Tag Archive | climate change

The Garnaut Report so Far!

The interim Garnaut Report into Climate commissioned by the State and Federal Governments of Australia…. it is possibly the most comprehensive report into the effects and solutions when it comes to our changing climate that we have seen….

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So what has he said to date? This is straight from the media release:

A report by economist Ross Garnaut warns Australia could be among the worst-hit countries if the world does not act to slow the rate of climate change.
Professor Garnaut has handed down his interim report on carbon emissions targets and the creation of an emissions trading scheme today. The report was commissioned by the federal, state and territory governments to help develop major policies on climate change.
Professor Garnaut says Australia’s large agricultural sector and a reliance on trade with developing nations in Asia, that are also put at risk by rising temperatures, makes it one of the most vulnerable countries in the developed world. He says Australia needs to play a lead role in reducing greenhouse gas emissions by going beyond its stated target of a 60 per cent cut by 2050.
But Professor Garnaut says Australia is relatively well-placed to convert strong action on climate change into economic opportunity.
The report also sets out an initial guide to the design of an emissions trading scheme.
State and federal leaders have been briefed on the details of the interim report in Adelaide.
South Australian Premier Mike Rann says it paints a very sobering picture for the global community.
“Essentially what I’m sure that you will find out is that in the last five years and certainly since the modelling done by Sir Nicholas Stern, things are much worse for the world in terms of global warming than previously believed,” he said.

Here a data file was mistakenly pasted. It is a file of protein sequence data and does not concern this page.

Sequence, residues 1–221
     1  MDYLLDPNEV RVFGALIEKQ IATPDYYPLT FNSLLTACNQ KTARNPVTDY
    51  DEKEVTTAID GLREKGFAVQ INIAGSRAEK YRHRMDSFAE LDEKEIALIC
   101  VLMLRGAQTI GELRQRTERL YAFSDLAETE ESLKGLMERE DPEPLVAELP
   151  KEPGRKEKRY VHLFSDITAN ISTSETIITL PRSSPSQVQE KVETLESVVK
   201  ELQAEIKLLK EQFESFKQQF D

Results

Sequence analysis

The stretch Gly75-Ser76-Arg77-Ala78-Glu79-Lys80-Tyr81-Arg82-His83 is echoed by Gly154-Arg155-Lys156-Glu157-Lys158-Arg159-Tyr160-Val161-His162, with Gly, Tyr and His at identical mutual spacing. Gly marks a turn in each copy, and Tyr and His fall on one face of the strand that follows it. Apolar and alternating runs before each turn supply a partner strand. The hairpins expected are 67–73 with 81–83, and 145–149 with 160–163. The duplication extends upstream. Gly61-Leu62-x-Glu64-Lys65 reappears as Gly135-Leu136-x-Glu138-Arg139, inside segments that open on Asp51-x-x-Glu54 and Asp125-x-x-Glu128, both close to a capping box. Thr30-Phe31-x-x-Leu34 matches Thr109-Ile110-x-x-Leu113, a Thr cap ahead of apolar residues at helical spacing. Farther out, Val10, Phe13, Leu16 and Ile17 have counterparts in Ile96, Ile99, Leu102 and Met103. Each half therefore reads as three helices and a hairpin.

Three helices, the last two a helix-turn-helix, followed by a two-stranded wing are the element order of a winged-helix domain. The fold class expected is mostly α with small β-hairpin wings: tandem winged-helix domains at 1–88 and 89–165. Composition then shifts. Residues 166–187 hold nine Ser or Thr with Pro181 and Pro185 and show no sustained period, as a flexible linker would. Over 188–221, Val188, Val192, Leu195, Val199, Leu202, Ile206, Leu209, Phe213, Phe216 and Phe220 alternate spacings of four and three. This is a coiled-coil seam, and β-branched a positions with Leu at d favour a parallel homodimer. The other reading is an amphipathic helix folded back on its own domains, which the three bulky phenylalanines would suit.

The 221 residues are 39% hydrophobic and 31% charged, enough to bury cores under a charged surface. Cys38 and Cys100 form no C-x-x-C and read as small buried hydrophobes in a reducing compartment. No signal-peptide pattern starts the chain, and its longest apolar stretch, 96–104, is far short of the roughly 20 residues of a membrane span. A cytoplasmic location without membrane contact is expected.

Western Australian Premier Alan Carpenter says the report has a blunt warning.
“What Ross Garnaut has done is basically tell us, ‘less time than you thought, more action than you thought, maybe in a shorter space of time’,” Mr Carpenter said.  “There needs to be a sense of urgency. This isn’t a matter just for governments, it’s a matter for the ordinary people of the states.”

So thats the report findings to date I will be posting more as it becomes available but get ready Aussies for more drought, floods, storms, etc etc….

can the earths rate of Climate Change be slowed do you think….

or do you think the earth we passed that point long ago?

UPDATE here is a link directly to the Garnaut Review Website for more info from the source

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These are some of the issues raised in the United Nation Summit on Sustainable Development has listed among changes since 1987 that have impacted the environment: To read the full news go to the The Star .

Earth’s human population has grown by 34 per cent, from 5 billion to 6.7 billion. That has led to destruction or depletion of water, soil, forests, species and almost every one of the planet’s resources.

International trade has tripled. Its benefits are offset by its contribution to the spread of invasive species in the Great Lakes and almost every other water body.

The world’s average per capita income has risen by 40 per cent, but the gap between rich and poor continues to grow.

Air quality has improved in some places, most noticeably in the rich developed countries, but often because polluting industries have moved to poor nations. Although measures to control ozone-depleting substances are considered a success, the ozone hole continues to grow. And bad indoor or outdoor air is estimated to kill 2 million people each year.

Greenhouse gas emissions have risen by a third, leading to much higher concentrations in the atmosphere and the threat of catastrophic climate change.

The yield from an average hectare of cropland has increased to 2.5 tonnes, from 1.8 tonnes in 1987, but “unsustainable land use is causing degradation, a threat as serious as climate change.”

Intensive ocean fishing is devastating some species very quickly and, increasingly further down the food chain. Worse, the demand for fish is expected to increase by about 1.5 per cent a year.